In fact, I've seen issues surrounding side effects of this topic pop up on the Illustrator User to User forum, and even more recently on the CTP-Q list over at Print Planet. I've covered parts of this topic in different chapters my Real World Illustrator book, but my intention here is to sew it all together so that we all understand what's going on here.
We'll circle around to the topic of EPS near the end of this post, but before we begin, there are a few concepts that you'll need to know first:
1. Illustrator saves files using a dual path method. This means that every time you save a file from Illustrator, TWO files are really being saved.
- When you save your file as a native .ai file, the file really contains private native data (what Adobe engineers refer to as "PGF" which some jokingly refer to as "Paul George Format" -- one of the lead architects of Illustrator), which only Illustrator can read, and also a PDF 1.4 file, which is what InDesign or any other application reads (this is how InDesign is able to place native .ai files -- it's really reading the PDF 1.4 file embedded inside). The key takeaway here is that when you save your file as a native .ai file (which is what almost everyone tells you to do when using InDesign), you're really saving a PDF 1.4 file. This is assuming that the Create PDF Compatible Files option is checked in the Save dialog (necessary if you want to place your file into another app).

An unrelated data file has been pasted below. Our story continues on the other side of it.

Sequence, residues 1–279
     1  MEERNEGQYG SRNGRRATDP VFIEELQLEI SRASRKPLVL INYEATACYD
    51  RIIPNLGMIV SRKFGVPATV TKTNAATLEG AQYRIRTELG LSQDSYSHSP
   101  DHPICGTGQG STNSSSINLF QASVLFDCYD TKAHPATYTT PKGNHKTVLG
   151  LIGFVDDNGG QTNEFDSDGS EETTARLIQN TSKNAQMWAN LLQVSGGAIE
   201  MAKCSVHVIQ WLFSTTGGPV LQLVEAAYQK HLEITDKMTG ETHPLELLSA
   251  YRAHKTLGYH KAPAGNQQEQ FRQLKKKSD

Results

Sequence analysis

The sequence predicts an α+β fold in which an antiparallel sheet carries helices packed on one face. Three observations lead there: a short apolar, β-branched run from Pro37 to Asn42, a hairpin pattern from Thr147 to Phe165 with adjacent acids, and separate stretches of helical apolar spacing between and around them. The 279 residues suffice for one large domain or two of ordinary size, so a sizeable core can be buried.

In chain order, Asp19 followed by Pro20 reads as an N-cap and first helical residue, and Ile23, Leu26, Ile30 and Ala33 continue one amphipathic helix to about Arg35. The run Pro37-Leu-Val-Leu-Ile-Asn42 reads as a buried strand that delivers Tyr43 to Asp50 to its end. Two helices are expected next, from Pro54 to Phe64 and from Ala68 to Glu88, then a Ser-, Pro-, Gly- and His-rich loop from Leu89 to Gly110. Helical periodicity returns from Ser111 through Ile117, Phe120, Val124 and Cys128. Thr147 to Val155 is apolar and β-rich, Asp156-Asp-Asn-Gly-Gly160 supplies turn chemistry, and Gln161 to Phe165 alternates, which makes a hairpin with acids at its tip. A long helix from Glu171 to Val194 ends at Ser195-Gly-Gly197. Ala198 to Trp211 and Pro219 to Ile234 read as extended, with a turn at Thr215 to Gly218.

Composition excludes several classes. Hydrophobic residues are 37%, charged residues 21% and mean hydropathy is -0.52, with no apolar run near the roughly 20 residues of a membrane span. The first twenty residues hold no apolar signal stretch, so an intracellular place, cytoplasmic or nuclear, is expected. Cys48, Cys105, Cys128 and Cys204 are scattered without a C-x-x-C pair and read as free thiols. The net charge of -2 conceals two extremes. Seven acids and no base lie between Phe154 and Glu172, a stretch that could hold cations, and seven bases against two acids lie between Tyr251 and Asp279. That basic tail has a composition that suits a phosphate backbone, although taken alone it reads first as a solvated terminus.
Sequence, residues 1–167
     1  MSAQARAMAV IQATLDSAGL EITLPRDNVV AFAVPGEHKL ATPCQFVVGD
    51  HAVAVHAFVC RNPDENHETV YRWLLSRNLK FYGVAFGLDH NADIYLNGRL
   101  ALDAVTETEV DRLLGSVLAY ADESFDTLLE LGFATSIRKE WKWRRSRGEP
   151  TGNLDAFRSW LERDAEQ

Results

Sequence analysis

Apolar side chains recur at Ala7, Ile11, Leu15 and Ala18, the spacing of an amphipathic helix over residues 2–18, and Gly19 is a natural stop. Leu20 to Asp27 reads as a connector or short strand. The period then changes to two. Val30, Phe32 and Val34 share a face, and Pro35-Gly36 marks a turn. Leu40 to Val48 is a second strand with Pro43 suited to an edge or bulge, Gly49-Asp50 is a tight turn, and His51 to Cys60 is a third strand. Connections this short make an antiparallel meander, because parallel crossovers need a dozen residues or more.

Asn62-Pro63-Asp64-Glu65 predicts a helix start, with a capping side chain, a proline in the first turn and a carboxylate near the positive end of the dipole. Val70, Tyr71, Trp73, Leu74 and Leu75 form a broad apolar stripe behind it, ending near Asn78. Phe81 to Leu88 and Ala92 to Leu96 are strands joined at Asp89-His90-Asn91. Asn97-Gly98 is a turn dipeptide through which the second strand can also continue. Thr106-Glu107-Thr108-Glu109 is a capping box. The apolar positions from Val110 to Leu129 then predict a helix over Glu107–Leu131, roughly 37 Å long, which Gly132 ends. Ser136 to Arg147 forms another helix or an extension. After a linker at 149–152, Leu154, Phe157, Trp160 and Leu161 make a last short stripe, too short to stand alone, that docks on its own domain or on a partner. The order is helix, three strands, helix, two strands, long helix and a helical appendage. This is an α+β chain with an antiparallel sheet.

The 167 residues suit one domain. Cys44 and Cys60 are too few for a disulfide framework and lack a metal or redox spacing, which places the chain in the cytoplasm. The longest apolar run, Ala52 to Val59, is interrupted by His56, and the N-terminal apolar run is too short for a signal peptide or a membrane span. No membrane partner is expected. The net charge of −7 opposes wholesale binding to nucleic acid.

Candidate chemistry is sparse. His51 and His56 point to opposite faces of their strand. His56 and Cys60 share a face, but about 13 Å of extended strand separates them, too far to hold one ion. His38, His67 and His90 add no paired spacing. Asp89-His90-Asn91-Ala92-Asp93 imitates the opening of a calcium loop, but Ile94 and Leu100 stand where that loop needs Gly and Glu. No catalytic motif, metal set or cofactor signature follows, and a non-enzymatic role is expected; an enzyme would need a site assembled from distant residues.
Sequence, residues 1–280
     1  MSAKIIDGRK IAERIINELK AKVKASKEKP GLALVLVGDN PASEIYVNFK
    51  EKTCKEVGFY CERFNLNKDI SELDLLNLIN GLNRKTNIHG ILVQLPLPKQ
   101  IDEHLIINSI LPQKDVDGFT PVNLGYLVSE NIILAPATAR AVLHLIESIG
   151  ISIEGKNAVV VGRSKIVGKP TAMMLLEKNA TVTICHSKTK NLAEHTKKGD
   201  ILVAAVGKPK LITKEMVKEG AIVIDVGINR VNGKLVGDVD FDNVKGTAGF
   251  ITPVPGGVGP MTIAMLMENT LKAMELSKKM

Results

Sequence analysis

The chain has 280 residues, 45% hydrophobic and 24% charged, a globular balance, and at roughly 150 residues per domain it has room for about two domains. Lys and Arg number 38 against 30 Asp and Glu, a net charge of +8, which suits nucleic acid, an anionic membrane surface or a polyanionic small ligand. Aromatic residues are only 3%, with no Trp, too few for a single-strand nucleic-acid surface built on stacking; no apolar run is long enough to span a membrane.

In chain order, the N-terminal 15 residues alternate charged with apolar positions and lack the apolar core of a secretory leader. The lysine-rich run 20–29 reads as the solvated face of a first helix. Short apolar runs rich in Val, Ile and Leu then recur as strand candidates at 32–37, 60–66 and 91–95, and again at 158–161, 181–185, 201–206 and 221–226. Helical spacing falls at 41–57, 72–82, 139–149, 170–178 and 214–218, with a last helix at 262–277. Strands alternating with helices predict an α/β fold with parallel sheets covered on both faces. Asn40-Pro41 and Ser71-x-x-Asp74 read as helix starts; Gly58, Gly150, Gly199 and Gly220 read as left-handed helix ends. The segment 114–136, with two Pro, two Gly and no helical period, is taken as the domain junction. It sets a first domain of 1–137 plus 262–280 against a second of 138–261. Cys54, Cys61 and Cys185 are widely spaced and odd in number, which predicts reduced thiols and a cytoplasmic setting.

- When you save your file as an EPS, the file really contains a PGF file (which only AI can read when the file is reopened) and also an EPS file, which InDesign or Quark sees when you place the file into that application.
- When you save your file as a PDF, the file again (by default), contains PGF (that's what Preserve Illustrator Editing Capabilities does), and also the PDF file in the format that you specify in the dialog (PDF 1.3 thru PDF 1.6).
2. In PDFL (literally, the PDF Language), there are several different ways that a file is cropped, and these are called "boxes" In fact, there are 5 different box settings in PDFL, and a file can contain all of these.
- ArtBox - Also called the bounding box, this area is defined by the art that appears in the document.
- TrimBox - This area is defined by the Illustrator artboard and is the size you specify when creating a new document.
- CropBox - This area is defined by using the Object > Crop Area > Make command in Illustrator.
- BleedBox - This area is defined by the Bleed setting you define in the Save As PDF dialog and extends beyond the TrimBox area.
- MediaBox - This area is defined by the size of the page on which you choose to print your file (is usually determined by the printer, not Illustrator).
These boxes can actually be made visible to the human eye in Acrobat simply by going into the Page Display panel in Acrobat Preferences and checking the Display art, trim, bleed boxes option.
OK, let's apply this knowledge...
Before Illustrator CS2, when creating the "compatible" PDF 1.4 section of the file, AI used the ArtBox as the boundary of the file. Technically, in the land of PDF, this was incorrect. So in Illustrator CS2, Illustrator now "correctly" uses the TrimBox setting when creating the PDF 1.4 file.